Creating new polymers for tissue regeneration
A professor of chemistry and biomaterials and biomedical engineering, Dr. Molly Shoichet was named North American winner of the L’Oréal-UNESCO Women in Science award for the development of new materials to regenerate damaged nerve tissue and for a new method that can deliver drugs directly to the spinal cord and brain.
An expert in the study of polymers for drug delivery and regeneration, Dr. Shoichet has been tackling the problem of the blood-brain barrier, a tightly interwoven network of cells that protects the central nervous system from toxins but can block helpful medications. Her novel solution is to deliver drugs in a gel-like polymer that can be injected directly into the cerebrospinal fluid and then remain near its injection point where the therapy is most effective. The team she leads has also created a polymer for the targeted delivery of drugs and antibodies in breast cancer.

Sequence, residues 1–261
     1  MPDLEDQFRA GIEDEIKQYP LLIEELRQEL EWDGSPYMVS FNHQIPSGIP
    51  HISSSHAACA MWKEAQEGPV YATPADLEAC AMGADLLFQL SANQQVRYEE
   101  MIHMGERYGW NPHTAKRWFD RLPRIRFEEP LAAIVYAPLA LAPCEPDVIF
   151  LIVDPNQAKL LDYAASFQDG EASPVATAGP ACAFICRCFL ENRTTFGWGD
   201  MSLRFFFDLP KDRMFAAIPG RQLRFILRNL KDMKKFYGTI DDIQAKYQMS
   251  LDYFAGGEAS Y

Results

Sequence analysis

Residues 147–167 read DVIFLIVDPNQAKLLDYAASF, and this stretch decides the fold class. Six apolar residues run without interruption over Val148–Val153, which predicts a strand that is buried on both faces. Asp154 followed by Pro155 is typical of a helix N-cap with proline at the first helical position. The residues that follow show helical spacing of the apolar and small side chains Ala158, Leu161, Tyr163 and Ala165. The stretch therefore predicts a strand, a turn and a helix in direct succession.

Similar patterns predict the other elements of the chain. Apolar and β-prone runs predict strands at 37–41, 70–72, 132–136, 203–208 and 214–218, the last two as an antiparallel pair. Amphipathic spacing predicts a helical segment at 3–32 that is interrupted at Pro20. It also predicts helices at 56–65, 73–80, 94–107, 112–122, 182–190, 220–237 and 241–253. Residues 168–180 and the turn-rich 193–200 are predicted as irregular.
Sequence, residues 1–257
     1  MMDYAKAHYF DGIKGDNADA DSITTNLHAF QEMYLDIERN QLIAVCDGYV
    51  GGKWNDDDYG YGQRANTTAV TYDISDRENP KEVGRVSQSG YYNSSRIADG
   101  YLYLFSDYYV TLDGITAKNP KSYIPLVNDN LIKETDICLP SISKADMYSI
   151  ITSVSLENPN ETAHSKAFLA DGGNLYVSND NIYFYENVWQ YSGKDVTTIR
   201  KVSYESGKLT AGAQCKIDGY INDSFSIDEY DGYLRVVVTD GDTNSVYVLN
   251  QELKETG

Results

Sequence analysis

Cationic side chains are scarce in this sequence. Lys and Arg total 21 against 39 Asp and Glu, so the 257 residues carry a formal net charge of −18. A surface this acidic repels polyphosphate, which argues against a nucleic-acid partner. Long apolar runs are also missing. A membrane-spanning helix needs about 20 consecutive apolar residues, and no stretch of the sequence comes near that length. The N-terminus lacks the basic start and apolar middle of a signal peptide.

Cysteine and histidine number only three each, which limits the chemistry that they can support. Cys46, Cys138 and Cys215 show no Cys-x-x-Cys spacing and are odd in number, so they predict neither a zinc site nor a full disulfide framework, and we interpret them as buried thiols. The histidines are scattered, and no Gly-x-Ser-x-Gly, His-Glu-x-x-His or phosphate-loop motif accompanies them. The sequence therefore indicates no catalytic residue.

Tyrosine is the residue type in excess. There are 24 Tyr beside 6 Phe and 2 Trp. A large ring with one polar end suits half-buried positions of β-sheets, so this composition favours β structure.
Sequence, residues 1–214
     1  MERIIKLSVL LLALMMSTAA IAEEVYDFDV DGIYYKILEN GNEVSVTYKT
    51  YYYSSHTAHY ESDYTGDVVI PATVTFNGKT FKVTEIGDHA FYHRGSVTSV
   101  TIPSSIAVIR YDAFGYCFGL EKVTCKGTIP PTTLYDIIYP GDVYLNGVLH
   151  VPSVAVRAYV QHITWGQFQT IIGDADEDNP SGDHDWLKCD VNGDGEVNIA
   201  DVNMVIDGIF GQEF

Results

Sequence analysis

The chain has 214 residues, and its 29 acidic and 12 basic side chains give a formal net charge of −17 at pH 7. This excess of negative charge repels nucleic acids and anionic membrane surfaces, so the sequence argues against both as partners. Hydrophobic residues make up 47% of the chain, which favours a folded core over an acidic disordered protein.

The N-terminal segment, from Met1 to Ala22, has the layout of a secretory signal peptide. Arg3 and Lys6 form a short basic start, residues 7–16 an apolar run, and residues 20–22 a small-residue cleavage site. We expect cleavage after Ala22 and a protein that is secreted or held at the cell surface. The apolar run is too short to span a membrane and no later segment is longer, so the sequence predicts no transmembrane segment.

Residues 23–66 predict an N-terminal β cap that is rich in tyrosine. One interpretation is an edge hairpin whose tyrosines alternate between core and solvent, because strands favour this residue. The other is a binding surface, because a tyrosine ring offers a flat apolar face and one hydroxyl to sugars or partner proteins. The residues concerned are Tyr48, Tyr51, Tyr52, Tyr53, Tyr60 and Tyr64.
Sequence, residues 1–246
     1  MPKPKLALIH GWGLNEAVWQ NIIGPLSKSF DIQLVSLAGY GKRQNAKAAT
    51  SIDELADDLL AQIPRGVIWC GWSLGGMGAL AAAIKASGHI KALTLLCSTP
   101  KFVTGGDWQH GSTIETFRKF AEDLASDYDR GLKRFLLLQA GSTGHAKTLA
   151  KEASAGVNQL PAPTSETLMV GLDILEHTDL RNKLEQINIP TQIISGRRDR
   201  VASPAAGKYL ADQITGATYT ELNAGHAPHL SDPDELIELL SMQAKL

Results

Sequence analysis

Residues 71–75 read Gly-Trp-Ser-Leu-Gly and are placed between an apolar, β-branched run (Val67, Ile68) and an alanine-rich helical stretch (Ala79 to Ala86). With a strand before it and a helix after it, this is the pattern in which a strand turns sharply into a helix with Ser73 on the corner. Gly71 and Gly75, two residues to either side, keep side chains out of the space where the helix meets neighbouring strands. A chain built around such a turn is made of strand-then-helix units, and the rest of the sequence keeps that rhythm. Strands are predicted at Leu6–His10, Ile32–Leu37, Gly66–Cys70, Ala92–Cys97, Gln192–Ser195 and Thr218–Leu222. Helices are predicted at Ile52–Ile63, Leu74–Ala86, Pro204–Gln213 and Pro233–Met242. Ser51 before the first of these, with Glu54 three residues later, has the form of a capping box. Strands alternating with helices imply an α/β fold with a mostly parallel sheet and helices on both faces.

Holder of a bachelor of science from the Massachusetts Institute of Technology and a PhD from the University of Massachusetts, Dr. Soichet is a Tier 1 Canada Research Chair in Tissue Engineering and a university professor of chemical engineering and applied chemistry, chemistry and biomaterials and biomedical engineering at the University of Toronto. The recipient of many prestigious distinctions, she is the only person to be a fellow of Canada’s three national academies.
* Molly Shoichet is one of 24 Canadian winners of major international research awards in 2015 featured in the publication Canadian excellence, Global recognition: Celebrating recent Canadian winners of major international research awards.